Anton: Pressurized Closed Buoyant Cloth,despite a rather long name, is an extension to the existing environmental cloth entity. Basically, this allows closed cloth shapes to have internal pressure, based on the current shape volume. Since the idea for that feature was born in the context of floating balloons, some extra work was done to support the shape-based buoyancy of cloth. As a bonus, we have also added a cloth component.
Rope tech has advanced in CRYENGINE 5.6. What improvements can users expect here?
Anton: We now enable ropes to use bones and skinning. Previously, the engine had to rebuild a rope mesh each frame, which is obviously not very efficient, although still surprisingly affordable in many cases. Now skinned ropes build the mesh only once, and then only update its bones. Ropes with dynamic segment subdivision, however, will have to use the old method, since they essentially have a varying amount of bones. We also allow ropes to be built from custom .cgf meshes, repeated several times. An obvious use for this feature is making a chain ‘rope’ created from a single link .cgf. However, our artists have already used this feature to create vines or complex cables that fit naturally with the environment.
Can you tell us about the push forward in character physics?
Anton: Ragdoll IK is the first step in our planned character physics advancements. It’s a special physics-aware, energy-based, full-body IK, which tries to satisfy constraints imposed on the physics skeleton with minimum effort energy-wise. In practice, this looks similar to applying physics impulses to characters, except the results are computed instantly and without the physics thread running. It also has a mode that looks less ‘dramatically physical’ and more like a smoothly weighted full-body IK. A good application for this is posing characters on levels, so you can precisely place dead bodies, for instance, but also less morbid things like sculptures, mannequins, and so on. This feature is also available from code, so people can find custom uses for it as a general IK. Working on this feature also facilitated polishing the existing Featherstone simulation mode for ragdolls, which is a precise and efficient method for simulating articulated structures, and the addition of a ragdoll component.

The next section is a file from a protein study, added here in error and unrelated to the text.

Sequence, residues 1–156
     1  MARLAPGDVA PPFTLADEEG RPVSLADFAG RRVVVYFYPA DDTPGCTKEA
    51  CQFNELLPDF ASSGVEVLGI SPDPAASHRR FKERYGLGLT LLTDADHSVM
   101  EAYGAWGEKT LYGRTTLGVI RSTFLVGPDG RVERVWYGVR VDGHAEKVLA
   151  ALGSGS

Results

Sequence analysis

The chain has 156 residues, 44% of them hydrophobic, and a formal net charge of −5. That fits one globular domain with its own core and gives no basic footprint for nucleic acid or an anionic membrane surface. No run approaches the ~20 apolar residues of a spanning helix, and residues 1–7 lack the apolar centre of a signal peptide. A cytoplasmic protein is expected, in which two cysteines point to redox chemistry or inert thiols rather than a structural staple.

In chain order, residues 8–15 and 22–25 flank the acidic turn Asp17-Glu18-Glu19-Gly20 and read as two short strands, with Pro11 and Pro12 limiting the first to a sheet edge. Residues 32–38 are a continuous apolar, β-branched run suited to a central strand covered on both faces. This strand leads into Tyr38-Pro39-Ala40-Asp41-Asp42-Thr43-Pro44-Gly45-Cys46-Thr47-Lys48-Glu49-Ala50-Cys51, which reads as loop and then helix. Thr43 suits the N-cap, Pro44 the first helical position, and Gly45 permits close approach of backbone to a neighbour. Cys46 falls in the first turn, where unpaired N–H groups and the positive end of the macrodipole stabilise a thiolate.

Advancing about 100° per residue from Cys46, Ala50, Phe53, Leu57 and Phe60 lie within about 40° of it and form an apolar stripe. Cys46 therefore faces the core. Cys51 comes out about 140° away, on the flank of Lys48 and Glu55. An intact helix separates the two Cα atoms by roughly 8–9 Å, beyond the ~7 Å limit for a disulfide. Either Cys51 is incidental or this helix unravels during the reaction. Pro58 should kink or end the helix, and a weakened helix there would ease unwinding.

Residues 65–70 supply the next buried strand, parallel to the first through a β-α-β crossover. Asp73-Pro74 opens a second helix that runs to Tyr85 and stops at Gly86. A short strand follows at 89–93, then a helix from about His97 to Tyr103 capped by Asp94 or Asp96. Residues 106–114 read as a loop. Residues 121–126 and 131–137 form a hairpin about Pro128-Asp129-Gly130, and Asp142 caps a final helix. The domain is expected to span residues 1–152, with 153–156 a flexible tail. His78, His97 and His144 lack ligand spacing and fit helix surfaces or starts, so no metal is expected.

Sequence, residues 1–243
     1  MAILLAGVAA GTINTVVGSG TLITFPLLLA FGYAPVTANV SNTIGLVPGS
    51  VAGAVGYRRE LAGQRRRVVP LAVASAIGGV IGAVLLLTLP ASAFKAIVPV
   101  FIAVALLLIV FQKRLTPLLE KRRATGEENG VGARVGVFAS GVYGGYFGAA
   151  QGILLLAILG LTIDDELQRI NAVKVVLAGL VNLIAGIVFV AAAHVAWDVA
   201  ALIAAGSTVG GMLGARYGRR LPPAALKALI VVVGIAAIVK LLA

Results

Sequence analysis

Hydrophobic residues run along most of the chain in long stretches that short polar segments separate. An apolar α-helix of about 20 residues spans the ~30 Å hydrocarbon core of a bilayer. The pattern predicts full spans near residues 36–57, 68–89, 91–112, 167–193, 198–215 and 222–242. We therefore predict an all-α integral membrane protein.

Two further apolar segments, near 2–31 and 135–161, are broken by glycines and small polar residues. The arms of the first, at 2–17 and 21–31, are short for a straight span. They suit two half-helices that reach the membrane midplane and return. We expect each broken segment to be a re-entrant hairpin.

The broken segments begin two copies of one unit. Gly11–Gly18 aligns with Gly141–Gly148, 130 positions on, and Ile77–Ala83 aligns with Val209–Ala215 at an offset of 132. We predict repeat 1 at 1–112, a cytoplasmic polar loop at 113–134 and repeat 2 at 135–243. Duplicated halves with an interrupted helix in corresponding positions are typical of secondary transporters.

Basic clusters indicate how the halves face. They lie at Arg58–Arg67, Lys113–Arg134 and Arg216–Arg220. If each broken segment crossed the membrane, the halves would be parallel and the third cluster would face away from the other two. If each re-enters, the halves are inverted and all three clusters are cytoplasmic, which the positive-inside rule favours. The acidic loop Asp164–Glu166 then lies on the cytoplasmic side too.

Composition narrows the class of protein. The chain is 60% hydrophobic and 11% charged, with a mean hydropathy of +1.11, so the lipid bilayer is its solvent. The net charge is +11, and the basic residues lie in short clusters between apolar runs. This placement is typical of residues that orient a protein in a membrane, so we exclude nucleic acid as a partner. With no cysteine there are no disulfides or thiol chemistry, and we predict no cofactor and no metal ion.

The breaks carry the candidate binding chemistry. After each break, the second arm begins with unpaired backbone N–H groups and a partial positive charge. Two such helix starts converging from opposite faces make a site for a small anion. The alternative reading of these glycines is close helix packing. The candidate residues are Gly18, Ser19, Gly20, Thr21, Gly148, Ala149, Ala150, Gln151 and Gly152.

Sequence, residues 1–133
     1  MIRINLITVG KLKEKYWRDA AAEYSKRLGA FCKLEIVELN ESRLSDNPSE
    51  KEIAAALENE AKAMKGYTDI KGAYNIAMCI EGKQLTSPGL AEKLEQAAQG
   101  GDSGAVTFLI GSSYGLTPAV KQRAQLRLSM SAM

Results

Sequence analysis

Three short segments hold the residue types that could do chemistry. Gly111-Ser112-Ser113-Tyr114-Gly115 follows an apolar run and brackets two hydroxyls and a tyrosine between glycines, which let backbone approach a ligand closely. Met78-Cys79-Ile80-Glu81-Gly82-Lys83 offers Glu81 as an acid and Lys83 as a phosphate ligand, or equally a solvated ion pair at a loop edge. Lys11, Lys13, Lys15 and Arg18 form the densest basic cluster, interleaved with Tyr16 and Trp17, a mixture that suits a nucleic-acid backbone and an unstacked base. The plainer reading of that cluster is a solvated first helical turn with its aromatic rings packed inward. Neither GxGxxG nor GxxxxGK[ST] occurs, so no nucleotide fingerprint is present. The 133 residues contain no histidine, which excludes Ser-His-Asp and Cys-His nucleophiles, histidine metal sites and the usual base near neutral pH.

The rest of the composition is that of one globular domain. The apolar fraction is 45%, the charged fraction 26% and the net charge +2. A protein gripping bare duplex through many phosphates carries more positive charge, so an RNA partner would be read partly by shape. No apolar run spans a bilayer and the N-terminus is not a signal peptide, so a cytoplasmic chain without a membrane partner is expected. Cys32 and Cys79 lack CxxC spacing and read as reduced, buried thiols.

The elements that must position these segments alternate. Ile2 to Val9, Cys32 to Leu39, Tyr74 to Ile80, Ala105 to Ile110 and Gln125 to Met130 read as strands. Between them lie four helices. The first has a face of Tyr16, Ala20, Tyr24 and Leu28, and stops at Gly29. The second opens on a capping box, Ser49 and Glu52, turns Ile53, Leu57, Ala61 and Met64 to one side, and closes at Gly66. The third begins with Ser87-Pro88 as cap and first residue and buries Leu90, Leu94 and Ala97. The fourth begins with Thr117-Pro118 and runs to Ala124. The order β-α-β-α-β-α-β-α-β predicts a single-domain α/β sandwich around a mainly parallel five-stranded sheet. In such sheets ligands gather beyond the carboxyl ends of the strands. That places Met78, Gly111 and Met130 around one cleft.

What’s the new mass decay feature?